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Publisher: Springer-Verlag (Total: 2352 journals)

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Showing 1 - 200 of 2352 Journals sorted alphabetically
3D Research     Hybrid Journal   (Followers: 17, SJR: 0.214, h-index: 10)
4OR: A Quarterly J. of Operations Research     Hybrid Journal   (Followers: 10, SJR: 1.073, h-index: 25)
AAPS J.     Hybrid Journal   (Followers: 20, SJR: 1.192, h-index: 74)
AAPS PharmSciTech     Hybrid Journal   (Followers: 6, SJR: 0.718, h-index: 54)
Abdominal Imaging     Hybrid Journal   (Followers: 14, SJR: 0.723, h-index: 60)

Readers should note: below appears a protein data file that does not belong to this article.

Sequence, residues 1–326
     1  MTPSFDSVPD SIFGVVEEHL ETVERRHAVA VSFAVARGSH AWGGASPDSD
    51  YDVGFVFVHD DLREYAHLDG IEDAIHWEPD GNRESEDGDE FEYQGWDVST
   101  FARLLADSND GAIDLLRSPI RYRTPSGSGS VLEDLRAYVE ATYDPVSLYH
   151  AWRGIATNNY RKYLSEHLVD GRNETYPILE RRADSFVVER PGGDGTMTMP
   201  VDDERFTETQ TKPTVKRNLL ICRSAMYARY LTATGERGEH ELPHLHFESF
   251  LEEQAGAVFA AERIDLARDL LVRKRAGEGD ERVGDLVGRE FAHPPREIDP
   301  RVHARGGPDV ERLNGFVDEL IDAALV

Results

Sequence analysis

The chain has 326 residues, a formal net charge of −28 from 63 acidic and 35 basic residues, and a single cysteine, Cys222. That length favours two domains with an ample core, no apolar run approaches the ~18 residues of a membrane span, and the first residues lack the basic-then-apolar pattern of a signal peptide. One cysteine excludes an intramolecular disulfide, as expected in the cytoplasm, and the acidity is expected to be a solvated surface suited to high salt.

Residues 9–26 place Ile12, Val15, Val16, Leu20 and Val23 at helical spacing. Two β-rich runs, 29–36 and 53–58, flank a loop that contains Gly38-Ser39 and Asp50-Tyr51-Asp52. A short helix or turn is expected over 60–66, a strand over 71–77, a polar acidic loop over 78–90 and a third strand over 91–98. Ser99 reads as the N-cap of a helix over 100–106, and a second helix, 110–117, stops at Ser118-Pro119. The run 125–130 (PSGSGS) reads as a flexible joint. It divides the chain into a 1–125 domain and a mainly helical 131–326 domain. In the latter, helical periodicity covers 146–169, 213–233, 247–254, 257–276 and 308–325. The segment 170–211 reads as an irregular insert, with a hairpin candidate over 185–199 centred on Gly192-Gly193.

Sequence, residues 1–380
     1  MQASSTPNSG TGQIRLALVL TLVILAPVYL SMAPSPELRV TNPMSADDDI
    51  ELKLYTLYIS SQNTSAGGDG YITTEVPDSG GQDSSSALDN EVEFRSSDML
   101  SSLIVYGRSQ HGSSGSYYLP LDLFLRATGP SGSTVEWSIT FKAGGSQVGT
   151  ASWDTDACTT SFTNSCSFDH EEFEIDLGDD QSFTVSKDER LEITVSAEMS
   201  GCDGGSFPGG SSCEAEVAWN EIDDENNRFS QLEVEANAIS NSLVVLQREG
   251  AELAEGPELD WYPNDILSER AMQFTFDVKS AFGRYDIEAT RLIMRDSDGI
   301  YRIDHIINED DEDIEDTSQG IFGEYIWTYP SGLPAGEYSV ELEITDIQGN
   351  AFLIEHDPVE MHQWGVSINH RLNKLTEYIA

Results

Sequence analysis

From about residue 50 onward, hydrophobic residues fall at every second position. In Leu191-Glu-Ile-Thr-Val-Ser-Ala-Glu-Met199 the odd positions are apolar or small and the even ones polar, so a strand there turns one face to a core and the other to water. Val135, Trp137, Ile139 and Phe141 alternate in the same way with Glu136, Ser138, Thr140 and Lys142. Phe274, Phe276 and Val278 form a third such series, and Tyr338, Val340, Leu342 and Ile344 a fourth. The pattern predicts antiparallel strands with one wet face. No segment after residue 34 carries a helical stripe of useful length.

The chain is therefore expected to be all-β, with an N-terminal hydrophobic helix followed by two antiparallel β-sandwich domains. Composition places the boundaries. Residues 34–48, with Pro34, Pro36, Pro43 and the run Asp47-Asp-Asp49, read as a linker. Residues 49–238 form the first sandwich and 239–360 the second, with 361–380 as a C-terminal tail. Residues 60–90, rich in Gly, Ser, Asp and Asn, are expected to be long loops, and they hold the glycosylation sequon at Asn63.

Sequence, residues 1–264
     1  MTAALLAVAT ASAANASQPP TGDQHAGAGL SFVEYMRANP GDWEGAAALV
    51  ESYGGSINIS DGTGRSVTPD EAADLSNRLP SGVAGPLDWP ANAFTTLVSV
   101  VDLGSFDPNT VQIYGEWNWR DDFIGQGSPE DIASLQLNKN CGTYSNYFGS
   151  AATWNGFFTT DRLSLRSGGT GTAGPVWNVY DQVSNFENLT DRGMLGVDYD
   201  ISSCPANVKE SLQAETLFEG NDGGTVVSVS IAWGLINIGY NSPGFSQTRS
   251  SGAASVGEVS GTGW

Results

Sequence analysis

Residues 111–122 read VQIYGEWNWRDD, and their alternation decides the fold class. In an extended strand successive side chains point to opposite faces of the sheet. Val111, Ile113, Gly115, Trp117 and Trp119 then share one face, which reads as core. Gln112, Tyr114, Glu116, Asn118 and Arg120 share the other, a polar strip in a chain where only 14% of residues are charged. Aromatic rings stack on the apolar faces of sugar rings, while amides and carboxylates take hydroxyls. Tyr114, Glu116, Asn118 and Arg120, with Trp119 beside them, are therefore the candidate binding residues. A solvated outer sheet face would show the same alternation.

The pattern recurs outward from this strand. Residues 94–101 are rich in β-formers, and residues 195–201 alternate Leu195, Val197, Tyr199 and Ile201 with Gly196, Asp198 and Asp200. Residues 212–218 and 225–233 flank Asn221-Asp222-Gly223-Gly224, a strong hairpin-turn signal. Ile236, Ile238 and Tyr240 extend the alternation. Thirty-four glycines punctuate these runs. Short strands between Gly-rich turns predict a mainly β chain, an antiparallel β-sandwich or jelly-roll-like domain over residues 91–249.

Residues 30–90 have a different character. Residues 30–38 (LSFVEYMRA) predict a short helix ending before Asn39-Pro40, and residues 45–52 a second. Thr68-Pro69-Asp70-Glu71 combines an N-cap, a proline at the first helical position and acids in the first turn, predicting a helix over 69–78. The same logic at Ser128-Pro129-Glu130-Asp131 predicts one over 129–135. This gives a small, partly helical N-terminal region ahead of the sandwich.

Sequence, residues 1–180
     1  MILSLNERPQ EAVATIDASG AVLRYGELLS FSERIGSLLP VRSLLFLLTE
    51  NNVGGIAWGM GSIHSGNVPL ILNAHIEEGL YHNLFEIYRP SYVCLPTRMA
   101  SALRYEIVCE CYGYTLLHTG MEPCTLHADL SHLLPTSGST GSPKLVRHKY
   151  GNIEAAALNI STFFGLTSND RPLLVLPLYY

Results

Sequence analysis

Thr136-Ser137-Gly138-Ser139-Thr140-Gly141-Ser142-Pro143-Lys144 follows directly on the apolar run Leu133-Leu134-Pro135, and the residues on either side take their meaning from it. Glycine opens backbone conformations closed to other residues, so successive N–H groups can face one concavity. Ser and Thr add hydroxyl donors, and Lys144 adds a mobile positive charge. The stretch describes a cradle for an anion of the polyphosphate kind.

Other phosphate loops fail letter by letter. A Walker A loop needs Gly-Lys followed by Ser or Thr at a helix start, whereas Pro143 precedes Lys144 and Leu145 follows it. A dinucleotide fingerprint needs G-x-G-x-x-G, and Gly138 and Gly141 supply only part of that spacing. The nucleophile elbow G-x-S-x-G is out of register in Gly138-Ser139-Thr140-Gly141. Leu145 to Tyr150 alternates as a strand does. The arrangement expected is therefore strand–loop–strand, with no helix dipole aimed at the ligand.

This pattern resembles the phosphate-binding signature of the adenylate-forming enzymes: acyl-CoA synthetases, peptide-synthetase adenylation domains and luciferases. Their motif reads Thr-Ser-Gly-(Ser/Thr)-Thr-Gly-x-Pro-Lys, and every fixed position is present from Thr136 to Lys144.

Abhandlungen aus dem Mathematischen Seminar der Universitat Hamburg     Hybrid Journal   (Followers: 3, SJR: 0.447, h-index: 12)
Academic Psychiatry     Full-text available via subscription   (Followers: 22, SJR: 0.492, h-index: 32)
Academic Questions     Hybrid Journal   (Followers: 8, SJR: 0.135, h-index: 6)
Accreditation and Quality Assurance: J. for Quality, Comparability and Reliability in Chemical Measurement     Hybrid Journal   (Followers: 26, SJR: 0.378, h-index: 30)
Acoustical Physics     Hybrid Journal   (Followers: 11, SJR: 0.355, h-index: 20)
Acoustics Australia     Hybrid Journal  
Acta Analytica     Hybrid Journal   (Followers: 7, SJR: 0.387, h-index: 6)
Acta Applicandae Mathematicae     Hybrid Journal   (Followers: 1, SJR: 0.624, h-index: 34)
Acta Biotheoretica     Hybrid Journal   (Followers: 5, SJR: 0.419, h-index: 25)
Acta Diabetologica     Hybrid Journal   (Followers: 14, SJR: 1.318, h-index: 46)